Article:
David Bowie as a vampire! That’s one of the attractions of the cult classic The Hunger, released in 1983. The movie is famed for Bowie’s part and also for several other aspects, including its impressive opening sequence, featuring Bauhaus.
Bowie and Catherine Deneuve play an elegant, glamorous vampire couple who live in luxury in New York. The title, The Hunger, refers to the way Bowie and Deneuve survive, by feeding on the blood of victims.
It is beautifully filmed, every frame is stylish. The Hunger was the movie debut of director Tony Scott who went on to direct many hit movies such as Top Gun in 1986, and more recently The Taking of Pelham 123 in 2009.
The Hunger’s Opening Sequence
The movie has one of the most dramatic opening sequences I have ever seen, appropriately ominous and exciting. The opening credits are intercut with scenes of the great British goth band Bauhaus performing in a club.
The band are suspended in a cage, with only singer Peter Murphy clearly visible, singing the stark and hypnotic track, ‘Bela Lugosi’s Dead’ .
Bauhaus’ performance continues, intercut into the first scene, which shows Bowie and Deneuve as an elegantly dressed couple looking for sex partners in the club and taking them to their New York mansion-like home. You can see what becomes of them in the video clip at the bottom of the article!
In the clip, watch out for Bowie with black hair, shown in the scene to be a wig.
David acts well and his charisma is evident, as well as his dedication. The director remarked on his discipline. Also, in the movie he is a cellist, who earns his living teaching classical music. All of the movie’s music subsequent to the opening by Bauhaus is classical music, such as Bach and Schubert.
“Most actors would have faked it, using a professional musician for the close-ups. Not David.”
Instead, David learned how to play the cello in order to be more convincing in the film scenes.
“He worked like a bahstahd (sic) until he could play a decent Bach cantata!”
Note that Bowie is not present throughout the movie. Catherine Deneuve is instead the key person in the movie. She is known as a cool elegant beauty, a legendary French actress and a veteran of over 100 films. The Hunger is one of only seven English-language films in which she has starred.
For the movie she was dressed by designer Yves Saint Laurent. In fact, she is considered Saint Laurent’s muse.
Deneuve plays Miriam, an immortal and eternally youthful vampire who has been alive for thousands of years.
John (David Bowie) begins to age and seeks help from a doctor (Susan Sarandon) who specializes in the study of aging.
Fantastic Make Up Effects
There is a wonderful scene where Bowie’s character is left in the doctor’s waiting room for some hours and, in that time, he ages many decades. The aging is not created by computer-generated effects. This is 1983, remember!
Instead, Bowie’s appearance is the result of five hours a day of incredible make-up designed by Dick Smith.
Smith also created the look of Marlon Brando in The Godfather and of Linda Blair in The Exorcist.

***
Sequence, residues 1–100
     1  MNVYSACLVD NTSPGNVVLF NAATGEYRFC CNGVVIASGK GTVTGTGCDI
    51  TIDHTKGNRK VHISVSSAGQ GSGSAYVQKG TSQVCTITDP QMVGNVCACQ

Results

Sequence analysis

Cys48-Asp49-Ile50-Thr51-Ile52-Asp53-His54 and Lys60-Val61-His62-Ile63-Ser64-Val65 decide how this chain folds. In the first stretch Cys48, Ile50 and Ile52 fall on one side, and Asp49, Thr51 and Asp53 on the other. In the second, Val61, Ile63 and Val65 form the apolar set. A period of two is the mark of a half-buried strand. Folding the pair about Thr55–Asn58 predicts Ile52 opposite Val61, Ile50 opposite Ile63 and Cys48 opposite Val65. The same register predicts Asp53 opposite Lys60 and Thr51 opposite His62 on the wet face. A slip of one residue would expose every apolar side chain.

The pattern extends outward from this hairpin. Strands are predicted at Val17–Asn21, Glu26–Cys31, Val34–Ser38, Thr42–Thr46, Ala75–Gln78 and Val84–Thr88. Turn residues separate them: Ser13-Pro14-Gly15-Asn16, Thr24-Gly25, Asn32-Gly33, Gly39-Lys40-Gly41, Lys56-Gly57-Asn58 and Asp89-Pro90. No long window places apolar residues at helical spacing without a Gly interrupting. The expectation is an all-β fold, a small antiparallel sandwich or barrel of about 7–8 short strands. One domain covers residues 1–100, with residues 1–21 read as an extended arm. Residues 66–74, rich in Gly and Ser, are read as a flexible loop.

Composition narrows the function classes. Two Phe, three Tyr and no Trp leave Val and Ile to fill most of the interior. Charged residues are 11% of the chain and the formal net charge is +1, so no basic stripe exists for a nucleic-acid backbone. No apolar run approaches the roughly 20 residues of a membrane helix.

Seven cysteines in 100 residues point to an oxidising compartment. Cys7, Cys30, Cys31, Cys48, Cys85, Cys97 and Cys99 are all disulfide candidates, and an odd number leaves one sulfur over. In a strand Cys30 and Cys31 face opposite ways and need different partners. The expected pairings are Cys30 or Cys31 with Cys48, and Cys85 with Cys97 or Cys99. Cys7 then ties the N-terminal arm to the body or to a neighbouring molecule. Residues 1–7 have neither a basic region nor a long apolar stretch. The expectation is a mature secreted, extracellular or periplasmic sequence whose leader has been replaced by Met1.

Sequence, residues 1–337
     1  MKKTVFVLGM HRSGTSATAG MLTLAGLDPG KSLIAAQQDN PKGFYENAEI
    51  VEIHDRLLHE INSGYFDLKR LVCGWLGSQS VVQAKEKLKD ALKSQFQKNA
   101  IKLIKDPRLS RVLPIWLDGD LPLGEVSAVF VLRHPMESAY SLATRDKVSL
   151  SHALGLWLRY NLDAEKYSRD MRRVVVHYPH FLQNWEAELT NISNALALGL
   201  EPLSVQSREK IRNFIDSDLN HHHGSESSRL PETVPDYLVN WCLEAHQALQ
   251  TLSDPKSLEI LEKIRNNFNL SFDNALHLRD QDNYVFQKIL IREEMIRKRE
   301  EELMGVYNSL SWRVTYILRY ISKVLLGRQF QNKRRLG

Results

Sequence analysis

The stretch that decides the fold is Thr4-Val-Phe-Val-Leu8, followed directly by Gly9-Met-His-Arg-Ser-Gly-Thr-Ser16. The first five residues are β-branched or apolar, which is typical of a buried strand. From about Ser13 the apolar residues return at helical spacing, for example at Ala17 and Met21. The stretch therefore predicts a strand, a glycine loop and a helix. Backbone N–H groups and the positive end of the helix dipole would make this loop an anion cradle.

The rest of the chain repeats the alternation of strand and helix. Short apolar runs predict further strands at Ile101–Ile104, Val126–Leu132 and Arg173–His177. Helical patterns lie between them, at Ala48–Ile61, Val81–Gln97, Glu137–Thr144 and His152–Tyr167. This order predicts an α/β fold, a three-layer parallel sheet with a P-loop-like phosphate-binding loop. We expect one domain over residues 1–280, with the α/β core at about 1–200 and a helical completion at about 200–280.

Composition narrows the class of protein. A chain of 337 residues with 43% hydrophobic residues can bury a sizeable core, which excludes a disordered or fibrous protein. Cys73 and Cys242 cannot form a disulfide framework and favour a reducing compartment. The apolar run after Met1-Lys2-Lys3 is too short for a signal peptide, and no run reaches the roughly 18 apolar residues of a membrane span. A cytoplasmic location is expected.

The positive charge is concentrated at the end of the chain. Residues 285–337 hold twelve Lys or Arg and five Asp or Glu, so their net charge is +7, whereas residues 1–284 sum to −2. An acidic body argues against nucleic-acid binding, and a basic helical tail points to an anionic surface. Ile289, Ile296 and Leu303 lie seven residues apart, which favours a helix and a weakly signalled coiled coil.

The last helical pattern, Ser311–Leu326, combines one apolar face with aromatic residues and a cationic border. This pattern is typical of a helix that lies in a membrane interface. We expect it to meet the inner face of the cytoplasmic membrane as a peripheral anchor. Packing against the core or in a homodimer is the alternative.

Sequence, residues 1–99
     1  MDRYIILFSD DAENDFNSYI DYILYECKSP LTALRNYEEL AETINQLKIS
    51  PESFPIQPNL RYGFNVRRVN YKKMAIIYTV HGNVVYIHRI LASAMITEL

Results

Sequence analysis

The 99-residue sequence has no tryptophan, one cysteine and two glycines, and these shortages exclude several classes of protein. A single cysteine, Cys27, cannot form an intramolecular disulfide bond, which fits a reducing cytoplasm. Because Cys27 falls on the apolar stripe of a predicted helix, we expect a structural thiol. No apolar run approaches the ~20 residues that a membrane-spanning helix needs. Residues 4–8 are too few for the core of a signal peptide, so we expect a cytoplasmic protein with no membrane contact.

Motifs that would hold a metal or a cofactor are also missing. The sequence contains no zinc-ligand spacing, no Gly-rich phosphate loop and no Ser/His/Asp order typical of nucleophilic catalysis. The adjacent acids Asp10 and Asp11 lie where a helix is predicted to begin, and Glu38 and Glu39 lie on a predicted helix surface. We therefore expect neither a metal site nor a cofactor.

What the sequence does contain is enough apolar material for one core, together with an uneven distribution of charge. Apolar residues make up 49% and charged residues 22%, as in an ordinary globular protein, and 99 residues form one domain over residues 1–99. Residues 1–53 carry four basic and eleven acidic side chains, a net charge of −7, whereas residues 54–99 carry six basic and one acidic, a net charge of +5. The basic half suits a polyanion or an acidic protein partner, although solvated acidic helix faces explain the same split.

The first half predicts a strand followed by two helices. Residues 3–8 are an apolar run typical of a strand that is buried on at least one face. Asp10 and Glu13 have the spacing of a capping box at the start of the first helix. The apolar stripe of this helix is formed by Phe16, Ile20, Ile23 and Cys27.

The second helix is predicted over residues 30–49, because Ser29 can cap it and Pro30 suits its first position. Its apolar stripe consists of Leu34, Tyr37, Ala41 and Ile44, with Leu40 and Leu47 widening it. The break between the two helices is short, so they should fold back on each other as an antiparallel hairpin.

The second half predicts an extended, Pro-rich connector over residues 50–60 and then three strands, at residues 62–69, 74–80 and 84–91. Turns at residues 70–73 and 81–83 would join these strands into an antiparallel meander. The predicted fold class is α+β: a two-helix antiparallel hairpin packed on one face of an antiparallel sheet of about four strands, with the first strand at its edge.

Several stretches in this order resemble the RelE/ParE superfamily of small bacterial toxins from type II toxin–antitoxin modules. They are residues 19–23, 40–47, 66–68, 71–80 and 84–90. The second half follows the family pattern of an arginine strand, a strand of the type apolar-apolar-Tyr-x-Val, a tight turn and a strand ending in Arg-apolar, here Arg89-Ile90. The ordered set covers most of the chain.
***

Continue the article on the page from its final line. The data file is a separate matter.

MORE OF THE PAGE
The year after The Hunger, he won an Oscar for his efforts on Amadeus (1984).
Love Scene between Catherine Deneuve and Susan Sarandon
Sarandon, who had dismissed Bowie as a crank, sees the incredible aging he has experienced and, intrigued, tries to find him. She meets instead Catherine Deneuve, who seduces her, which must have looked really hot back in the day and still is very worth seeing.
The love scene is sensual and tasteful, set to the sound of a female duet from an opera.
It is an arty film, about our fear of aging and about the ugliness that may be the reality beneath superficial beauty.
But it is also an enjoyable movie with memorable scenes and images.
It inspired a TV series of the same name in the late Nineties, but it is the eerie and haunting original movie that has become a cult over the years since its release, especially in the gay community.
For a brief time, the term was originally ‘Gothic punk’, but that is a story that deserves its own retrospective.
Bauhaus were very influenced by David Bowie and repaid the debt by covering his ‘Ziggy Stardust’. The single became their biggest hit, reaching #15 in Britain.
Their performance for The Hunger was filmed at Heaven, a club in London, not New York. Bowie was present while they performed.
Peter Murphy said,
“It took four takes, and there was a moment where I just … felt something. And sure enough, behind the lights, he was up there on his own in the balcony, watching us.”
Peter said it was “a major epiphany” when the director told him that Bowie had approved the use of Bauhaus.
Outside Britain, they are probably best known for their scene in The Hunger, but just months after the movie was released, they broke up. Bauhaus never became big on the scale they deserved.
Peter Murphy went on to subsequent success in the Eighties with college radio and MTV hits like ‘Cuts You Up’ and ‘All Night Long’, while the rest of Bauhaus became Love and Rockets and also enjoyed success, particularly with ‘So Alive’ which made it to #3 in the States in 1989.
In a completion of the circle, Murphy recently had the second movie role of his career, directly following on from the first.
Murphy played a brief cameo role as The Cold One, the father of a tribe of vampires, in megahit Twilight Saga: Eclipse. Murphy said that:
“(This) confirmed that ‘Bela Lugosi’s Dead’ is the ‘Stairway to Heaven’ of the ’80s and beyond”
Here is the definitive Bauhaus performance of ‘Bela Lugosi’s Dead’, over the opening sequence of The Hunger.